Carbohydrates take two forms, namely starches (such as potatoes, cereals, bread, and pasta); and sugars, such as table sugar (sucrose), milk sugar (lactose), and fruit sugar (fructose). When digested, the starches and sugars in carbohydrates are broken down into millions of glucose molecules that are released into the bloodstream.
When blood glucose levels rise, your body releases a hormone called insulin, which allows glucose to enter cells. Insulin also plays a key role in fat storage: When insulin levels rise, our cells are forced to burn glucose rather than fat. Did you just have that AHA moment? It’s not about starving your body of the nutrients it needs, it’s all about the ups and downs!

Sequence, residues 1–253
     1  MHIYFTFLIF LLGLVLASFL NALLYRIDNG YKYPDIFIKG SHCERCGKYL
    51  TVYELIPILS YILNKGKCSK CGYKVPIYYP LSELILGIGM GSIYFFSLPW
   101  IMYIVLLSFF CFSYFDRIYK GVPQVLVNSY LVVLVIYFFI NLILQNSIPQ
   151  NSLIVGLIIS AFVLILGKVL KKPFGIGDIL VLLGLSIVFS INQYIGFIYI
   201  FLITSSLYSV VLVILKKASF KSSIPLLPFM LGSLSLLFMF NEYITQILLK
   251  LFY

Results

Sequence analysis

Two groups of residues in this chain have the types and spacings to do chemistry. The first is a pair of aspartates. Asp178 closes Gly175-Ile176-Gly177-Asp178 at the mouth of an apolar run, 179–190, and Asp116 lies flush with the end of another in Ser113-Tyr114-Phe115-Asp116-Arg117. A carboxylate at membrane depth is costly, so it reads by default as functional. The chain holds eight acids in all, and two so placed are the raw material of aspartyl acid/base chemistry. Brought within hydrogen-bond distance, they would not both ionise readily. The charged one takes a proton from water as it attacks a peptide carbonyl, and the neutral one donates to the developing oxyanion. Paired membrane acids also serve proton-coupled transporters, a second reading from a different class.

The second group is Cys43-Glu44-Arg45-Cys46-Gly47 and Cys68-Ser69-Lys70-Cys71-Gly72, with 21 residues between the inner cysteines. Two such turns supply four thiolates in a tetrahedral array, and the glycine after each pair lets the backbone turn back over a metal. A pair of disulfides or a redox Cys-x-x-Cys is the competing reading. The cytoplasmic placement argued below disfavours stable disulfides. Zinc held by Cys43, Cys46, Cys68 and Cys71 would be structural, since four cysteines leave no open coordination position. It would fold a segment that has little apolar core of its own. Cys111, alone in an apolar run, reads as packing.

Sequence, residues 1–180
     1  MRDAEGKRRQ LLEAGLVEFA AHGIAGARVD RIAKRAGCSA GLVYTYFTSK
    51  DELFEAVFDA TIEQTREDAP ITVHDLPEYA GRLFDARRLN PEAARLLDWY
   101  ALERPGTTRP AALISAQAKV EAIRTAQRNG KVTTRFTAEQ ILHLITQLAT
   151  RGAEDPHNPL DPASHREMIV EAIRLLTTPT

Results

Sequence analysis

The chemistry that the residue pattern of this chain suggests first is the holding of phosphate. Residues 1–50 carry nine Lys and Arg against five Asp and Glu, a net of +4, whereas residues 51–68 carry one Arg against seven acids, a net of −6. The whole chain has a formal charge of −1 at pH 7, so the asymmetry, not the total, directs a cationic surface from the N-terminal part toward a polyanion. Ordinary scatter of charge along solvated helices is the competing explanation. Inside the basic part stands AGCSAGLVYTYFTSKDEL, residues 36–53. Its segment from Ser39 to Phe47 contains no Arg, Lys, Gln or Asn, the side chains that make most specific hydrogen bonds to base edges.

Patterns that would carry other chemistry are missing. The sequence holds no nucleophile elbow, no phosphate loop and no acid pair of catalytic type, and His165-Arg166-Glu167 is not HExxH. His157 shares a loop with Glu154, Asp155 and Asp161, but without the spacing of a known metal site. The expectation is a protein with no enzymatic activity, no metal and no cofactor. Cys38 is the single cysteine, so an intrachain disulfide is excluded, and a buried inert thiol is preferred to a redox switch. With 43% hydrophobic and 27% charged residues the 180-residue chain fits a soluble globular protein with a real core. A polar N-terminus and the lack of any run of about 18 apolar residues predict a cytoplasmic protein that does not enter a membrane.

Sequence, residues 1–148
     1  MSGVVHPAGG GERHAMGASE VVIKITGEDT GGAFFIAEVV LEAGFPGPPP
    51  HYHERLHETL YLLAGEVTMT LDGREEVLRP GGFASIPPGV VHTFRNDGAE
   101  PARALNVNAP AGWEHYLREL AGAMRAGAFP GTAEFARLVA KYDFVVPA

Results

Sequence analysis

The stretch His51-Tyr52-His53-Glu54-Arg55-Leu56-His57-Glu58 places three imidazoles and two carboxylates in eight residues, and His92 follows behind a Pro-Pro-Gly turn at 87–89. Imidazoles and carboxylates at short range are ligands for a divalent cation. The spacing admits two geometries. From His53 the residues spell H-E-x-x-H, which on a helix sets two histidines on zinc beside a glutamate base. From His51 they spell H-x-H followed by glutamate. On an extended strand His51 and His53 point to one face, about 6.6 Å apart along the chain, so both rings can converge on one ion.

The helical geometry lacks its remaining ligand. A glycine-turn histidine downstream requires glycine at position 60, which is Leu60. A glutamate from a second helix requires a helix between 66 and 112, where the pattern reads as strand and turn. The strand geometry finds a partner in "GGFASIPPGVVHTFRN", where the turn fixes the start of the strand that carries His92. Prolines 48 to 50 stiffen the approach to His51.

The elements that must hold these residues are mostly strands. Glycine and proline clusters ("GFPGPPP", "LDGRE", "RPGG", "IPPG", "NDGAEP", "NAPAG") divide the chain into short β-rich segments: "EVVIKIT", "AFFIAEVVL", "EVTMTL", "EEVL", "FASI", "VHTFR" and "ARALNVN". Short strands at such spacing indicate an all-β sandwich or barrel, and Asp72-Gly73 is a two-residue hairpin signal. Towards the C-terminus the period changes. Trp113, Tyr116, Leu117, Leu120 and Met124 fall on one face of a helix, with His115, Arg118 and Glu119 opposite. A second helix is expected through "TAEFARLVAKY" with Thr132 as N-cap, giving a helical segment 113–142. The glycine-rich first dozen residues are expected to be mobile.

Carbohydrates are important because they are:
- A universal fuel for most organs and tissues in our bodies.
- The primary fuel source for our brain, red blood cells and a growing fetus.
- The main source of energy for our muscles during strenuous exercise.
Carbohydrates are also used for:
- Genetic material. Sugars form the structural framework of RNA and DNA (ribonucleic acid and deoxyribonucleic acid).
- Giving certain proteins their functionality. For example, glycoproteins are proteins with carbohydrate attached, which then allow cells to communicate with each other.
See CARBS ARE GOOD!